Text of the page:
As always the success of a casserole depends on the quality of its contents. The number- one player here is bread. Be sure to use a sugar-free French loaf or an artisan sourdough. Avoid processed cheeses. I recommend a mixture of Swiss and white Cheddar, but any mixture of good grating and melting cheeses will be fine. Sausages, from bland to spicy, may be combined with diced smoked ham or turkey. For a vegetarian version, omit the meat products and add extra vegetables. Mushrooms, spinach (frozen is OK here), onions, roasted red peppers, chopped sun dried tomatoes, even cooked kale will be welcome in a Strata. One solution to the morning cooking scramble: layer in the Strata a day beforehand and produce a dazzling dish from a clean kitchen the next a.m.

Brunch Strata

12 oz. good French, Italian or sourdough bread

1 jumbo onion (12 oz.) peeled and cut in small dice

2-3 cloves garlic, minced

1 tablespoon butter

1 10 oz. box frozen, chopped spinach, defrosted, drained

8 oz. fresh mushrooms sliced and sautéed in butter

12-16 oz. sausage, cooked and diced or crumbled

Good handful fresh parsley, chopped

Fresh or dried thyme

12 oz. (3 cups) grated cheese (Swiss and white cheddar recommended)

6 eggs

2 cups (16 fl. oz.) whole milk

1 cup (8 fl. oz.) heavy cream

Salt, pepper, freshly grated nutmeg, pinch cayenne

Cut the bread into large dice. Include crusts unless scorched. Measures about 9 cups.

Melt butter in small heavy, sauté pan and sweat onion over low heat. Add chopped garlic to the top of the onion and cover with butter wrappers or a parchment circle. The onion and garlic should not brown but will lightly color, melt into softness and reduce by half. Allow 20-30 minutes to cook the onion.

Combine the cooked onion, garlic, drained and squeezed spinach, sautéed mushrooms, cooked sausage, parsley and thyme. Season the mixture with salt and pepper. The vegetable/sausage mixture should weigh around 2 ½ lbs.

Beat the eggs in a large bowl; add cream, milk and season well with salt, pepper, freshly grated nutmeg and a pinch of cayenne.

Generously butter a 3 1/2-quart shallow casserole or baking dish.

Add diced bread to the egg and milk mixture. Lift half of the moistened bread with a slotted spoon and spread it over the bottom of the baking dish. Distribute 2/3 of the vegetable mix over the bread and top with 2/3 of the grated cheese. Add the second half of the moistened bread over the vegetables and sausage. Pat everything firmly in place with your clean hands. Pour the remaining milk and egg mixture evenly over the casserole and sprinkle over the remaining cheese. Cover with plastic wrap and refrigerate overnight.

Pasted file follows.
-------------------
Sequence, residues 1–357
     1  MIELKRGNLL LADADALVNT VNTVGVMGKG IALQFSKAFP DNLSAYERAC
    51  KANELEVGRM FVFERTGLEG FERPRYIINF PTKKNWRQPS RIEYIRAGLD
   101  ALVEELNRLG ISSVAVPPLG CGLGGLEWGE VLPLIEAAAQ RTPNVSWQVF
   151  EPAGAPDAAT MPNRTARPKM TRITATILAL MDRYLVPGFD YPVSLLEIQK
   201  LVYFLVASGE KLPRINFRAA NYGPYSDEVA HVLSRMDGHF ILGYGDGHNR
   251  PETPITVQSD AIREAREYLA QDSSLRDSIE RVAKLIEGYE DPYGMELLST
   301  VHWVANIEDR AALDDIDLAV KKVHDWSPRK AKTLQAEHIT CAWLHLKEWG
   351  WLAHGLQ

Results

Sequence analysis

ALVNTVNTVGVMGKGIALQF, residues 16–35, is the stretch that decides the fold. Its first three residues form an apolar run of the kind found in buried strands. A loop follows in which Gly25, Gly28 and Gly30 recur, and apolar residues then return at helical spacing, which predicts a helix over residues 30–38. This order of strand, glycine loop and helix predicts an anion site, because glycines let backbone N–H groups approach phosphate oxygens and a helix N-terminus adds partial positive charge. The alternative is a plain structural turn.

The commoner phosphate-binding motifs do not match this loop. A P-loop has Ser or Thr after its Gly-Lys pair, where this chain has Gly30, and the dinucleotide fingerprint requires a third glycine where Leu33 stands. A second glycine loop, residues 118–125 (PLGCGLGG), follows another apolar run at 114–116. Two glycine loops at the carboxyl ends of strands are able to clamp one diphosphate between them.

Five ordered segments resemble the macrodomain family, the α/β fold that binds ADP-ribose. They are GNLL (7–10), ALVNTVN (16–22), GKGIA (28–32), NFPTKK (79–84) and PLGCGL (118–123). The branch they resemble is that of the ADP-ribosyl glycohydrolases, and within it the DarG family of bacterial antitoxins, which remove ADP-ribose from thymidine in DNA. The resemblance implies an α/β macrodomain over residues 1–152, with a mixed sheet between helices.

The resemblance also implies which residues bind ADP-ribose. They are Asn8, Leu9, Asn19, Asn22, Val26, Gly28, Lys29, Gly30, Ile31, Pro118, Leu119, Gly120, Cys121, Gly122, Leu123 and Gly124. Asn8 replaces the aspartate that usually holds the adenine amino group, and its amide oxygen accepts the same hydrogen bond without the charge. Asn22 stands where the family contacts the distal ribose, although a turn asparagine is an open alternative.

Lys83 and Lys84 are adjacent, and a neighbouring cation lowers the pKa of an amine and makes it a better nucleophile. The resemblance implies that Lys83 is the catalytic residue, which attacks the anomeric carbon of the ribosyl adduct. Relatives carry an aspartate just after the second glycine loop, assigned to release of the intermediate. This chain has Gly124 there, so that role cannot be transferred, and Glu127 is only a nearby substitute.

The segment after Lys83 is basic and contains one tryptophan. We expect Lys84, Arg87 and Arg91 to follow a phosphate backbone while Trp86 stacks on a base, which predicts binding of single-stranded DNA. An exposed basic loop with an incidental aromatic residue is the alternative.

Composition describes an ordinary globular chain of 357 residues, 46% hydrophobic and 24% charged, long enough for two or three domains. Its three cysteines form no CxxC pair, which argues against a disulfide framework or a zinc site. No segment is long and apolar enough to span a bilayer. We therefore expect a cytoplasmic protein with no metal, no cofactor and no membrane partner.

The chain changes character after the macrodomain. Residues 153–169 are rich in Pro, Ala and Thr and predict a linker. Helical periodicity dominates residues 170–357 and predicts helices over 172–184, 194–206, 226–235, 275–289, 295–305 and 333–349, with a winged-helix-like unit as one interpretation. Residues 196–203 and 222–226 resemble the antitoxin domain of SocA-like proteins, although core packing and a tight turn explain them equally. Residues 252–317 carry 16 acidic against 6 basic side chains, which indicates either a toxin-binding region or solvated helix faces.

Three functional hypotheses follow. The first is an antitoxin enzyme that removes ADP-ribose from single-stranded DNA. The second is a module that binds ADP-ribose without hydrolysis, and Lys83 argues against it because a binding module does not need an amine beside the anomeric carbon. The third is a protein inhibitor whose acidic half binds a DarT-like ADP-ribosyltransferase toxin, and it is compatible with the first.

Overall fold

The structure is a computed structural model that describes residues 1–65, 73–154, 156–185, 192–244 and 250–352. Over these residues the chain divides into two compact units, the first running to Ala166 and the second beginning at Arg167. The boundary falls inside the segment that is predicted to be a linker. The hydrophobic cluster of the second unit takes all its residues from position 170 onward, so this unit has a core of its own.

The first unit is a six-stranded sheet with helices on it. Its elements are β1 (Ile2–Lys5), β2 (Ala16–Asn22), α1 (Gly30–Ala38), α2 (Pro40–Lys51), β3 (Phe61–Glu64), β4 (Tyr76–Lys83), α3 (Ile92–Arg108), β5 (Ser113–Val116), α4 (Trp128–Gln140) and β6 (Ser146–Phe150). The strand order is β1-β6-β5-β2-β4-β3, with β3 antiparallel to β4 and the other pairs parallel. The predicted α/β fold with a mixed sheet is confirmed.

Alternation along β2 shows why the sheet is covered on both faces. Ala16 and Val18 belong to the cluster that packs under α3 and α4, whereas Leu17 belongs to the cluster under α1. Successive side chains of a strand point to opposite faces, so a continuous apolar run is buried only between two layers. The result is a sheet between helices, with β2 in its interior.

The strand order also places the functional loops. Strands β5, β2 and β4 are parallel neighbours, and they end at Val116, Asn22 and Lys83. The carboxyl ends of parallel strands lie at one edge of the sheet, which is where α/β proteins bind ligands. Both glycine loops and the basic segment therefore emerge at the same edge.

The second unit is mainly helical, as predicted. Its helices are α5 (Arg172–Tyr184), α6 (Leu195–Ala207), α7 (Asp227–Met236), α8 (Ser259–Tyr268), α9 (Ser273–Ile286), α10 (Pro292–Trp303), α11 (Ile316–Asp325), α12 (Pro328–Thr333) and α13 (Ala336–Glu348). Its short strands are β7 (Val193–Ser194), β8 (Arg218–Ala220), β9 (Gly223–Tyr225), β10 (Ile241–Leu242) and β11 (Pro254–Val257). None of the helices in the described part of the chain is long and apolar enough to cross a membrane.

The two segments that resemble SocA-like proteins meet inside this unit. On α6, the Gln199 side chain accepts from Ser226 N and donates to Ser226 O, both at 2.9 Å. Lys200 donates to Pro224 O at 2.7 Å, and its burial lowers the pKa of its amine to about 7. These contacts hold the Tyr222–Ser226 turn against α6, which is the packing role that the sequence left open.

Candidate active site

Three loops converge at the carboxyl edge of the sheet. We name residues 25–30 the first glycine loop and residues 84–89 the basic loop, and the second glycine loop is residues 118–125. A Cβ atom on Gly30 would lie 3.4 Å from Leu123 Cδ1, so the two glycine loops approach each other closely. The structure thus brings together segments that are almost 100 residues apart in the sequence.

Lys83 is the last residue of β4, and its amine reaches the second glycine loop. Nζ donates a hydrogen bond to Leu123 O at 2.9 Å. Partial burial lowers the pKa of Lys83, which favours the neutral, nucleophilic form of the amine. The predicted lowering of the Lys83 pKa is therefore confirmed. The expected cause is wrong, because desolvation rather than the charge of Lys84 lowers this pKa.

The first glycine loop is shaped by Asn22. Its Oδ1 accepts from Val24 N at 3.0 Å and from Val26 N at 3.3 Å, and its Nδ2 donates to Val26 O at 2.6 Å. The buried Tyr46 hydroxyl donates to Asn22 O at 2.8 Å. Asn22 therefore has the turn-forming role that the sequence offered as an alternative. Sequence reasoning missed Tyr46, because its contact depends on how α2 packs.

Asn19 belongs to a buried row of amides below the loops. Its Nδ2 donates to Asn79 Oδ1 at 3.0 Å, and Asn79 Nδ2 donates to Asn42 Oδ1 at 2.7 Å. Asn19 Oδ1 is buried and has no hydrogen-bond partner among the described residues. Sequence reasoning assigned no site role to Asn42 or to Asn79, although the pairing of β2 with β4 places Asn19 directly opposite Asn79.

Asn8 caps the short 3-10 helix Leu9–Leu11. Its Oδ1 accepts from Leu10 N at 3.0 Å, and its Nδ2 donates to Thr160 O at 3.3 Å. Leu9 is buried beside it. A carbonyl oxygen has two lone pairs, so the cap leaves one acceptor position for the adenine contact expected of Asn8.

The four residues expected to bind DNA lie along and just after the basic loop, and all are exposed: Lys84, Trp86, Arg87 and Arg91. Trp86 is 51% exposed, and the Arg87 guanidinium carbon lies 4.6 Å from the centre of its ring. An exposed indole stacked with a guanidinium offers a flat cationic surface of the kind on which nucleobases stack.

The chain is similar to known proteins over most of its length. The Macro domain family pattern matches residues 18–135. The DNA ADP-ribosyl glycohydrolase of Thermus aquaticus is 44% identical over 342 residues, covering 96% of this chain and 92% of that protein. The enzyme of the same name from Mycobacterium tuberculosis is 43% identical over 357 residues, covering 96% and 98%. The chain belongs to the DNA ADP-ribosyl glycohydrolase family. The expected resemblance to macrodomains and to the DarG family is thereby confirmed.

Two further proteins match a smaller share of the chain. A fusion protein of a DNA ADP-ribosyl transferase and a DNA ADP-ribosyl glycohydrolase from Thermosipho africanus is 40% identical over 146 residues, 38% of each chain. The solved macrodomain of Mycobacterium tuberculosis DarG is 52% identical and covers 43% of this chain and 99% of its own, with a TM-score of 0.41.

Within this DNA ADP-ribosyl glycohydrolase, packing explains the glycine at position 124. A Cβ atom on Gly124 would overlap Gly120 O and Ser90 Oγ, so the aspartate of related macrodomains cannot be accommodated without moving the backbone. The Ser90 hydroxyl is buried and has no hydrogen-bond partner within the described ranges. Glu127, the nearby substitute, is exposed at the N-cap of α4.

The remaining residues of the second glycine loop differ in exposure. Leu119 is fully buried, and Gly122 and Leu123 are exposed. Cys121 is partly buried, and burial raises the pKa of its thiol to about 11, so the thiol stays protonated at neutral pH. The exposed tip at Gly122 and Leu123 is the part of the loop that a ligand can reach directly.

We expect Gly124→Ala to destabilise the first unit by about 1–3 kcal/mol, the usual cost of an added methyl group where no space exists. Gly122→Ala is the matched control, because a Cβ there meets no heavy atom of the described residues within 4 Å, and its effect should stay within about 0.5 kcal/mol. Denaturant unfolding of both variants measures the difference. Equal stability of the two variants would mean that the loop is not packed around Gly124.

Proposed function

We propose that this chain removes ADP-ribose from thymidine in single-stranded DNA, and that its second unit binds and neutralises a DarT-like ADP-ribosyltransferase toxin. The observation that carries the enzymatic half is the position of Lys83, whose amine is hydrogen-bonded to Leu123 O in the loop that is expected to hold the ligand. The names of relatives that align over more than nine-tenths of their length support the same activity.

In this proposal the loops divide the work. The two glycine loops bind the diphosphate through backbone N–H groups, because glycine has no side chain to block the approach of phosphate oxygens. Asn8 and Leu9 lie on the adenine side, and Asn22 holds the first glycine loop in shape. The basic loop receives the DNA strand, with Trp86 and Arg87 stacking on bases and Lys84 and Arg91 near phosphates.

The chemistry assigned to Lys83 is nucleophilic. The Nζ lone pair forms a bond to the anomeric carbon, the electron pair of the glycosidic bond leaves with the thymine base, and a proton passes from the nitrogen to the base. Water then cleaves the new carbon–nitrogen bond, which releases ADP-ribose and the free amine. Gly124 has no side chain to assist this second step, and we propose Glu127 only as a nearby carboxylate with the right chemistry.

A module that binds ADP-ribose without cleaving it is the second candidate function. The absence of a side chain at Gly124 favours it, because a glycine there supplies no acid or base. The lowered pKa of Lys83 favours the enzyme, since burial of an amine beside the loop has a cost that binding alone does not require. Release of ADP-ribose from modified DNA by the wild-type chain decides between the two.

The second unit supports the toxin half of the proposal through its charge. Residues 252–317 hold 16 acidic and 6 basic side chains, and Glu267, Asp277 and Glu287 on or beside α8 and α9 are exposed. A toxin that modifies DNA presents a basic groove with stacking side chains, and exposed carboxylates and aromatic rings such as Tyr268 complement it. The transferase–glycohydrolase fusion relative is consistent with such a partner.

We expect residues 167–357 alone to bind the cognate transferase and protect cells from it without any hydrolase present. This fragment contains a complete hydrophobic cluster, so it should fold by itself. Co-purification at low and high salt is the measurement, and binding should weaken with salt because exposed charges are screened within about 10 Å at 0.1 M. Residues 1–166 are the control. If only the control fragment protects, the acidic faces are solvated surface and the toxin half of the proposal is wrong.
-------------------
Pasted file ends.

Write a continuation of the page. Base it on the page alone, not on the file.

Remove from fridge an hour before cooking if possible. Bake Strata in a 375° oven for 45-60 minutes or until puffed and golden. Allow to rest at room temperature 15 minutes before cutting. Serves 8-10.

To increase the Strata recipe for 15-18, using a 5 L baking dish, extend the basic recipe by 1/3. For example: 12 oz. bread should become 16 oz. bread, etc.

Mary Jo's Cookbook available on Amazon

Mary Jo’s Cookbook available on Amazon

 

Chilled Beet Soup

July 14, 2015
Chilled Beet Soup

Chilled Beet Soup

While we’re waiting for summer’s sun-ripened tomatoes, we have beets. Heaped now in farmers’ market vegetable stalls, deep red beets with fresh leafy greens lie next to kale, chard and kohlrabi. Beet tops make a great “mess of greens,” as we used to say; to find a recipe for cooking any summer greens go to: https://mjcuisine.wordpress.com/2010/04/16/mary-jos-kitchen-2/

A few days ago I needed a do-ahead fancyish first course for a birthday dinner party, and this chilled beet soup filled the bill. It’s colorful, delicate, and light. Even the reluctant anti-beet eater will be tempted to taste it in this guise, cousin to the classic Russian borscht.

The immediate feature of this soup is its brilliant color. To hold this bright tint, tender, cooked, diced beets simmer in the stock base for only a minute before meeting their pureed state in the blender jar. Beets left to rest in the hot stock will fade, and the resulting soup will pale. (Thank you Ballymaloe for this essential tip.) Plan to have the beets cooked, diced and ready while the buttered onion simmers in its broth, and remove the beet mixture from the saucepan quickly after just heating through. Pureed and packed in a glass jar, the soup can easily wait in the fridge for a couple of days before finding places in simple small bowls. A swirl of cream-thinned yogurt and a snip of dill will bring the passion of deep purple and sweet summer to your table.